Original Article: 5 Games That Failed But Earned A Second Chance

Waiting to buy a PlayStation 4 or Xbox One could be the smartest thing you do

The gaming industry is going to enter the eighth generation of consoles this month, but it may be better to wait before wasting your hard-earned money on a product that will probably be defective.

Like all new technology, the first models will suffer from software glitches because the development team was under pressure to release them on the market around the same time as the competition. Looking back at past trends and current problems in the industry provides a strong case for waiting to purchase these systems.

Xbox gamers will recall the early days, when some of the first models of the Xbox 360 had a defective disc reader. This flaw resulted in a circumferential scratch on the disc that rendered it unusable. It was discovered that some disc drives lack a mechanism to secure the disc solidly in place.

If an Xbox 360 owner was lucky enough to have a proper disc reader, then he risked facing a hardware problem that resulted in the system crashing and the console becoming inoperable: the Red Ring of Death. Affected gamers had to mail their defective console to Microsoft to have it repaired. Microsoft never officially revealed what caused the Ring of Death, but speculation was that it was either a central processing unit (CPU) failure or the use of a poor-quality solder.

Meanwhile, the first models of the PlayStation 3 had hardware that was difficult for developers to work with, which resulted in fewer games being released at launch. Also, the new software was incompatible with so many PlayStation 2 games that the feature had to be abandoned in the slim models.

Back when PlayStation 2 dominated the market after the failure of the Dreamcast, the first models had a disc reader that would wear out and result in the system being unable to read any disc inserted into the console. Sony offered to fix the disc reader and provide a free game while some retailers offered a trade-in for the new PS2 slim.

So has the game industry learned how to minimize potential hardware failures? Of course not! The market has grown so that highly anticipated games will compete and outperform movies at the box office. However, the industry is under such great pressure to move products that testers may overlook serious hardware flaws.

Rumors have emerged that there may be major problems with the Xbox One’s operating system and that Microsoft will be unable to resolve it in time. Adding to the speculation are several games journalists claiming that Microsoft is allegedly pressuring them to not publish reviews until after the official launch.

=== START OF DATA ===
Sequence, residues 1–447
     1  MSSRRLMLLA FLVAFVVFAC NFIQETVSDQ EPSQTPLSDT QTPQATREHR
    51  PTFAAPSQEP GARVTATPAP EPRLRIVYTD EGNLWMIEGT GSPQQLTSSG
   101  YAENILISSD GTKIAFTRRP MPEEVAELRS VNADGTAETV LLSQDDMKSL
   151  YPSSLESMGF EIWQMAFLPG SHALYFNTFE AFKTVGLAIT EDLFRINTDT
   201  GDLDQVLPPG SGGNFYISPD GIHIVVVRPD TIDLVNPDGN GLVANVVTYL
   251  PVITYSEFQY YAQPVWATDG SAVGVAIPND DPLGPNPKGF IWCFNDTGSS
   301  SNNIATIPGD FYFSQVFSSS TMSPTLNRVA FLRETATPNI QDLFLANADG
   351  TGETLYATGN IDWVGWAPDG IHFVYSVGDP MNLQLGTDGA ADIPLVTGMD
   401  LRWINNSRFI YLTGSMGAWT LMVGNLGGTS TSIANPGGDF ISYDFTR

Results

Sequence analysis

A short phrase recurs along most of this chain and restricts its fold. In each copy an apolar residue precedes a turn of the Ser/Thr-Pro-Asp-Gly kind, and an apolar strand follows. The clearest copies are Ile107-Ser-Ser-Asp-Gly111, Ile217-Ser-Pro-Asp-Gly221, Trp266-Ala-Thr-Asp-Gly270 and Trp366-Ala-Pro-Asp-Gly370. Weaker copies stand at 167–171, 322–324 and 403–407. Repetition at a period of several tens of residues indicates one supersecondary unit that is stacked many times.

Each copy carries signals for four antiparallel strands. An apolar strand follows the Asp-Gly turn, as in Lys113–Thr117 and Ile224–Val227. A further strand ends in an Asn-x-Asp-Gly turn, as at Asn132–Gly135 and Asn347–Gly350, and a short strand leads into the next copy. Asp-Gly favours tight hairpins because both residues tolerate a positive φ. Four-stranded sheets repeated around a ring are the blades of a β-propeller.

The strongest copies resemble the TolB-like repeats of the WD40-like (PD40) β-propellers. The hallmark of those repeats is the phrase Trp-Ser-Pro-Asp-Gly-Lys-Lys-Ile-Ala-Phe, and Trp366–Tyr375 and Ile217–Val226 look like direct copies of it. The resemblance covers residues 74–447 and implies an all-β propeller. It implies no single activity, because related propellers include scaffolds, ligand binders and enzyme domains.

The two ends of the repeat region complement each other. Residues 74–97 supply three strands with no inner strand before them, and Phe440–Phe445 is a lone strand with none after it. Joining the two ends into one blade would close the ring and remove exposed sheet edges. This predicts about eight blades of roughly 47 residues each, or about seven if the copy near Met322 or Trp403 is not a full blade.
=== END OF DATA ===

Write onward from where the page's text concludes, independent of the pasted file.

Supporting the rumors is the fact that Microsoft had to redesign the Xbox One after its Orwellian features and draconian style of digital rights management (DRM) caused an uproar in the gaming community. The system had been in development since 2011, but after its controversial unveiling, the development staff had eight months to remove the unpopular features and ensure the console could function properly. Hence, it’s very likely that gamers might experience major system problems with the first models of the Xbox One.

On a smaller scale, there have been countless examples of how ill prepared the industry has been for highly anticipated launches. Most of these nightmares have been in the last few years.

The most recent example would be last month’s launch of Grand Theft Auto Online, which suffered from technical glitches on day one of its release. Due to system problems, gamers were unable to play the game, and the few that could ended up losing their characters after developer Rockstar fixed the glitch.

In March 2013, Electronic Arts had major problems with the release of Sim City. The game suffered from gameplay glitches while server crashes made it unplayable for a weekend. Worse is that the DRM required players to be connected to a dedicated server even if they were playing the single-player game. This contributed to EA being voted “Worst Company in America” by The Consumerist readers for the second year in a row (beating Bank of America).

That pales, however, to how ill prepared Blizzard Entertainment was with the highly anticipated PC release of Diablo III in 2012. After a decade in development, the game suffered from major glitches when players tried to create a profile and was followed by multiple server crashes. Blizzard underestimated how well the game would sell. Even though Diablo III was a major hit, its success was overshadowed by its disastrous launch.

The first models of the PlayStation 4 and Xbox One are going to have some major problems while later models will have those resolved. It’s better to wait until they do rather than have a system crash just as you’re about to play a brand-new game.

Written for GameBeats 
11/5/2013
Original Article: Waiting to buy a PlayStation 4 or Xbox One could be the smartest thing you do